Christmas time is widely recognized as one of the biggest online shopping periods of the year. Online sales are expected to exceed $90 billion this holiday season in the US alone. Yet despite the significant resources businesses invest in preparation for these busy weeks, heightened competition and growing consumer expectations make it harder for retailers to successfully attract the attention of savvy customers online. In fact, many online merchants limit their ability to monetize the holiday opportunity. In this post, I touch on the various ways in which retailers can maximize eCommerce revenue during the 2016 holiday season and throughout the year.

Fear of the unknown: embracing cross-border holiday shoppers

Breaking out of the confinement (and comfort zone) of the domestic market by expanding into uncharted territories is one of the ways eCommerce merchants can get ahead of the game. Unfortunately, many online retailers fail to fully take advantage of international consumers’ significant buying power.

While some merchants simply do not accept international payment methods, others are inadvertently rejecting good international orders due to suspected fraud. Cross-border orders typically contain data points that could lead to false declines, such as AVS mismatches, missing billing or shipping information, and foreign IP addresses, if they are wrongly identified as suspicious by fraud detection solutions.

In truth, our data suggest that international orders with US shipping addresses are 37% less likely to be fraudulent during the holiday season. Retailers who wrongly reject purchases made with foreign cards, or placed from international IP addresses, are missing out on significant revenue.

Boosting revenue with cross-cultural awareness

International customers present a significant business opportunity during the US holiday season but also come with a whole other set of highly profitable online shopping days that US eCommerce merchants can capitalize on. For example, China’s Singles Day is one of most lucrative online shopping days of the year. Other notable non-US online shopping days include: Boxing Day in the UK, Canada, and Australia on December 26th; Orthodox Christmas Day, celebrated in Russia and in Eastern Europe on January 7th; and Chinese Valentine’s Day on August 20th.

Becoming acquainted with international online shopping holidays and marketing to cross-border shoppers is a good first step. But in order to maximize eCommerce revenue from global markets, merchants must also adjust their fraud prevention measures to reduce false positive declines. For example, due to the high number of legitimate online shoppers throughout the holiday season, Riskified found that rate of eCommerce fraud is 55% lower during the US holiday season vs the rest of the year. It would be prudent for online retailers to assume the same holds true for other high-profile online shopping days.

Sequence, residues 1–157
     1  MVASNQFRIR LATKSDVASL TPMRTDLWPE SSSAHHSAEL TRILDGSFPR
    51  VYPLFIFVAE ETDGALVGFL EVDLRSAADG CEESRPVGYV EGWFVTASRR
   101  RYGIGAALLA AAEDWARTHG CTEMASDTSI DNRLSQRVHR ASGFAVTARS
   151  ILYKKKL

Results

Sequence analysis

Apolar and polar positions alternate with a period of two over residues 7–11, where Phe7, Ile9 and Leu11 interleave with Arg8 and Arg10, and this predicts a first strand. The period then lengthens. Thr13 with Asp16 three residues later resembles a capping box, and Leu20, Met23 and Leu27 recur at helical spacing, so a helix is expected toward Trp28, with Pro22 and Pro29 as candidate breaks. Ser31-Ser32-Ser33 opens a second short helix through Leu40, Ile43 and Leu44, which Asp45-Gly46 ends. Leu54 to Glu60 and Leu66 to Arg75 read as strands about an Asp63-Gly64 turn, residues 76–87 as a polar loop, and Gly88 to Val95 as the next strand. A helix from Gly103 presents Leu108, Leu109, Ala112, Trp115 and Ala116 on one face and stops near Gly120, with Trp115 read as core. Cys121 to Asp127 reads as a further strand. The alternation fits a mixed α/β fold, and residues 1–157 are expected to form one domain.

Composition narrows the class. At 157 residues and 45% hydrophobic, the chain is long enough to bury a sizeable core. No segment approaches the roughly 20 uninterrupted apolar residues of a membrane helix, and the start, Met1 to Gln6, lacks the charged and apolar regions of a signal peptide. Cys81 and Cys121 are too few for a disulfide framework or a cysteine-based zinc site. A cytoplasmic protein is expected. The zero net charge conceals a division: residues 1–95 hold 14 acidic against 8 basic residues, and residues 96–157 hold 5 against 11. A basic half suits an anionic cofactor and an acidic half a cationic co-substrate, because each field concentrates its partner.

Keeping holiday shoppers happy with omnichannel options

International borders are not the only lines that eCommerce has increasingly allowed retailers and shoppers to cross. With the emergence of mobile shopping and buy-online-pick-up-in-store (BOPIS) services,  the line between in-store and online shopping has become blurred. To keep shoppers satisfied and grow revenue, it is critical to boost fulfillment of BOPIS orders by optimizing fraud reviews.

In-store pickup services can take the stress out of the holiday shopping rush, simultaneously bringing more customers into stores. For example, leading up to this holiday season, retail giant Walmart is not only offering 20 million online items (more than twice as many as in 2015) but is also promoting in-store pickup services – conveying to holiday shoppers that their convenience is a top priority.

Making spirits bright with mobile commerce

As the days of desktop dominance dwindle and the world becomes more dependent on mobile devices for everyday life, keeping up with mobile commerce (mCommerce) trends is a business necessity.

To capitalize on the millions of daily mCommerce transactions, merchants must prioritize initiatives like streamlining navigation, improving website load times, simplifying checkout processes, and of course, optimizing fraud prevention measures for mobile devices.

Your business’s perception of fraud risk levels based on device sources could lead to false declines for many good customers. Behaviors considered risky for mobile during the year can actually be very safe during the holiday season, such as geographic changes and mismatches between billing and shipping addresses that are typical at this time of year. But it is important to recognize that just as a device source’s traffic can grow in popularity among legitimate customers, it can also be a tool in the fraudster’s arsenal.

Customer experience is key to staying ahead

Online retailers just can’t afford to leave the customer experience behind. Providing a robust omnichannel shopping experience and successfully catering to global shoppers will allow eCommerce merchants to make the most of the holiday season.